When Will You Reach the End of Gaming?

A week ago, we pondered the chance of living to 100 and still playing games at that age. But even as the gamer demographic trends older, many feel like the time will naturally come when they'll put down the controller.

Sean Sands, writing at Gamers With Jobs, is one of them. He's always been a gamer, but "It has only just begun to occur to me, however, that it may not be who I will always be." I'm not sure that I've always considered myself one, so facing the end of this as an interest or a lifestyle isn't as thought provoking for me. But then again, I have to wonder if I ever will.

Because there are men and women with kids and jobs and the full spectrum of adult responsibilities and interests who still squeeze in time for video games. I've got a much more limited set of obligations, plus a professional interest for the time being. But how long will this hold my attention? Until I'm 50? Until I'm 60? And how big will my pile of shame be then? Will I have finally finished the first Mass Effect?

As Sands ponders the end, let us and your fellow gamers know, in the comments, whether you imagine an age or a time when you'll stop gaming.

Future Uncertain [Gamers With Jobs, April 15, 2010]

I'm always hesitant talking about the end, because it may come off as though I'm cheering it on like a nihilist the day before the Rapture, and that's not my goal. At the same time, I think I need to acknowledge that someday there will likely be an end - that someday I will just not have enough time and enough enthusiasm to keep the dying ember of my passion for gaming stoked.

When I glimpse the hazy vision of myself at 40, at 50 and beyond, I'm not sure I see a controller in my hand or a mouse under my palm anymore.

In my twenties I firmly believed that my professional destiny was inevitably intertwined with the gaming industry somehow. I always kind of figured that I'd either end up writing about or maybe even for the games that seemed so symbiotic to my identity. I didn't have any kind of clear pathway to achieve that effort, but it just felt right. It felt like who I would be.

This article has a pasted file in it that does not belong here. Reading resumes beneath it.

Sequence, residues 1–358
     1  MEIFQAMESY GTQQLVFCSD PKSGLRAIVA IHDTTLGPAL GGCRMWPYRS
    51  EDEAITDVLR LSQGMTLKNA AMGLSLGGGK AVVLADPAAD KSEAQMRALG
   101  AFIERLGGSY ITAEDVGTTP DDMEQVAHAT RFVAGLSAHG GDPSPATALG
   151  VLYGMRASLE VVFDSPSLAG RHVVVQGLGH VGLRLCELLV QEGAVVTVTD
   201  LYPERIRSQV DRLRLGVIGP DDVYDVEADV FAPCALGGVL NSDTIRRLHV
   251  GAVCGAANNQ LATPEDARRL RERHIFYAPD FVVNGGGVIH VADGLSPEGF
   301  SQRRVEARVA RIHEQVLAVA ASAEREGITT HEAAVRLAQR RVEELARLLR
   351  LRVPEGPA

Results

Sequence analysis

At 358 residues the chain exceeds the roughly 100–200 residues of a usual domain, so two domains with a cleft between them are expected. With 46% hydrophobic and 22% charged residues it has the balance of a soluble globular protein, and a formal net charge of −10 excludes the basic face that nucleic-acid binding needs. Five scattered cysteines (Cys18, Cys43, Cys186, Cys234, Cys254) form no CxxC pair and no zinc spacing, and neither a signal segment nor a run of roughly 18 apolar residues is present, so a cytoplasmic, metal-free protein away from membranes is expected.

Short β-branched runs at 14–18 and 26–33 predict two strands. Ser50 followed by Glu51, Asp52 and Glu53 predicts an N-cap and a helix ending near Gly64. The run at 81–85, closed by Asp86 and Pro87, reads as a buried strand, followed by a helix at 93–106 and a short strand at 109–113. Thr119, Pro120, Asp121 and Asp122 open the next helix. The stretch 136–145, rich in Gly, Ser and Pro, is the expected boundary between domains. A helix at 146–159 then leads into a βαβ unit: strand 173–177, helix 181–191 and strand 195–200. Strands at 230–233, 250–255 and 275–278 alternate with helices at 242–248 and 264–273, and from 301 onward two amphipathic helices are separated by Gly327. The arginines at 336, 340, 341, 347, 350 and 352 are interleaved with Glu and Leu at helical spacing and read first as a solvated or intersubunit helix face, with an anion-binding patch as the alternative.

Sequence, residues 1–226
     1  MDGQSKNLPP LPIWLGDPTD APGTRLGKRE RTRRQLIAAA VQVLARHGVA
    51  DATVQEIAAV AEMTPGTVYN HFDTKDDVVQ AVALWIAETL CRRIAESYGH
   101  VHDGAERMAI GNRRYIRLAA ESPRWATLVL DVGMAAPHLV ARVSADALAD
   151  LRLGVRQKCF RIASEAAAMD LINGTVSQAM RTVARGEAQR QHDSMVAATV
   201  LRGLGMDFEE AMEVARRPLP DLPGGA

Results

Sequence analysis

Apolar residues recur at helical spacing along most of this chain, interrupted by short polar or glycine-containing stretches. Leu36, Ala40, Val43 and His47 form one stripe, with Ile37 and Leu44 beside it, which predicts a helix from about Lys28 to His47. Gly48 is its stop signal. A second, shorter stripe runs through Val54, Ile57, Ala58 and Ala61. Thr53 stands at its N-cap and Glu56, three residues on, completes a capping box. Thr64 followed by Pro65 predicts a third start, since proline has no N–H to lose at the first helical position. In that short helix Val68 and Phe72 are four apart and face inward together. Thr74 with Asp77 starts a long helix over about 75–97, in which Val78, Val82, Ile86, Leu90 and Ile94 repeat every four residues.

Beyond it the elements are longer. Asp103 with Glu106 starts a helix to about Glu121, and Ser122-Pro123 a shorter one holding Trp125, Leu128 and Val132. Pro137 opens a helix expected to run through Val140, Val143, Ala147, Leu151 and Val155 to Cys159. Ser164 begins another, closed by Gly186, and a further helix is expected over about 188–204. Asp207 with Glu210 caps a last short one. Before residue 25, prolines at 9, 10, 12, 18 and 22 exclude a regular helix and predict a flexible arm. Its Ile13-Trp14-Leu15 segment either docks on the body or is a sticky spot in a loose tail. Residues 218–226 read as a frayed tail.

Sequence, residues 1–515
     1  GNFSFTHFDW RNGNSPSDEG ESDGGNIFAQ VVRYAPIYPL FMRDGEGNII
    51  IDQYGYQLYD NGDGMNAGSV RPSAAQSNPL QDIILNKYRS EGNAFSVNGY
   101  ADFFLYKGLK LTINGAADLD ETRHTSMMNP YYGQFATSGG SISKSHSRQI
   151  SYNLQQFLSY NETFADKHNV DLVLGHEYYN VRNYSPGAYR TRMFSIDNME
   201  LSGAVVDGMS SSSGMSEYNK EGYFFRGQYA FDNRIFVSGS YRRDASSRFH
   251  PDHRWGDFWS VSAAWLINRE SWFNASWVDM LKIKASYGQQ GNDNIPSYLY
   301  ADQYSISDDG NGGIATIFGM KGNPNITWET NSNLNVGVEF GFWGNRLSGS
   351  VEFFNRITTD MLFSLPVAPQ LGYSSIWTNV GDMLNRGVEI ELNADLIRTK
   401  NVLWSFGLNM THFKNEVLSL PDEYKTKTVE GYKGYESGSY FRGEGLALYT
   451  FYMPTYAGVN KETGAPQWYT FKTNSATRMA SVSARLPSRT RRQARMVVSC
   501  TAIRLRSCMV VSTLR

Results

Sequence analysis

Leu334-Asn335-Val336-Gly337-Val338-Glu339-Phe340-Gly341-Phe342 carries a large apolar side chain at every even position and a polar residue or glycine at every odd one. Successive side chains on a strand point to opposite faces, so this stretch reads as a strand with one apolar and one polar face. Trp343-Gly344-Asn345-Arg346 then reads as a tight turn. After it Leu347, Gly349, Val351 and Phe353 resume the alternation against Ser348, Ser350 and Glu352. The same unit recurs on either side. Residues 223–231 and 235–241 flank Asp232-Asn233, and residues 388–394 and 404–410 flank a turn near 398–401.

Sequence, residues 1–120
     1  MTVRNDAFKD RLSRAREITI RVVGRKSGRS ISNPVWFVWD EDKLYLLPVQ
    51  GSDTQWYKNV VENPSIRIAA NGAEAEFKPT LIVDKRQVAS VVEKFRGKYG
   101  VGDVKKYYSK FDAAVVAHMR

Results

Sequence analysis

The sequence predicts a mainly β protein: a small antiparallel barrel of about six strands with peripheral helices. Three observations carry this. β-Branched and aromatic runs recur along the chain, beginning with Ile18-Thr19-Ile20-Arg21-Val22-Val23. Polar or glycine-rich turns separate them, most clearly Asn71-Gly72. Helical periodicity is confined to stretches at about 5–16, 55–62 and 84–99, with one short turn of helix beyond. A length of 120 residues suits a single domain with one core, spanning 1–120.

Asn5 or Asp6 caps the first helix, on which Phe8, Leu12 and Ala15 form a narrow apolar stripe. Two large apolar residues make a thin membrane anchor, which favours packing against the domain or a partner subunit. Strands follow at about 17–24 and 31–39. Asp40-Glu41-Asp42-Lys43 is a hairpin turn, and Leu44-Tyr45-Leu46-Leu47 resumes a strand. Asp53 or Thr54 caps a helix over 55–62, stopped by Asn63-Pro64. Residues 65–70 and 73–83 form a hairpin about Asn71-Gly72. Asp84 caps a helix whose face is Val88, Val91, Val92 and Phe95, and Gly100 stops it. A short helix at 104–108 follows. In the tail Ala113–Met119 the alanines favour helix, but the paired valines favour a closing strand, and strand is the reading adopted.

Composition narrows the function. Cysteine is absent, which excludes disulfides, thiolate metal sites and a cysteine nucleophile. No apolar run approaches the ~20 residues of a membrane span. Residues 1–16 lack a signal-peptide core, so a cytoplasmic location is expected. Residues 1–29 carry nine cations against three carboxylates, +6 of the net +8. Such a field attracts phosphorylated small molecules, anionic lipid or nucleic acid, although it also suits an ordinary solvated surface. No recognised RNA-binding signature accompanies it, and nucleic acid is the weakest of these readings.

Now, I talk to my friends in the industry, and though I hear the passion they still have for the job and the way that passion carries them over what sounds like an endless parade of challenges and disappointment, I am unerringly grateful that my professional life took a different turn. I realize that a lot of people get into writing about games with at least the vaguely unformed hope that someone will take notice and hire them into the industry, and many of these people succeed and go on to lead happy enough careers. For me, the more I write about games, the happier I am that I don't rely on this industry for the well being of myself and my family.

The point is not to slander the gaming industry, a job that seems not to need my further assistance. The point is that as I look back, I see a growing distance between what I thought would be my life as a gamer and what I now know as a life deviating slowly but irrevocably from that vision.

I suppose it's a silly thing to take so seriously, but it is also something that has been a defining factor in a life for now creeping up on forty revolutions around that hoary old sun. In some ways I'm still as close to gaming as I've ever been, popping up here as I do most weeks to wax contemplative on whatever issue has sat on the front of my brain and demanded attention, and in other ways I am increasingly disconnected and uninspired by things that would once have been momentous.

The thing is that the idea doesn't bother me like I might once have thought it would. It seems right that someday gaming can just slip away, like a forgotten childhood friend who once was bound to every corner of your life. When the time comes, I think I will be at peace with it.

- Sean Sands

Weekend Reader is Kotaku's look at the critical thinking in, and of video games. It appears Sundays at 11 a.m. Mountain time.

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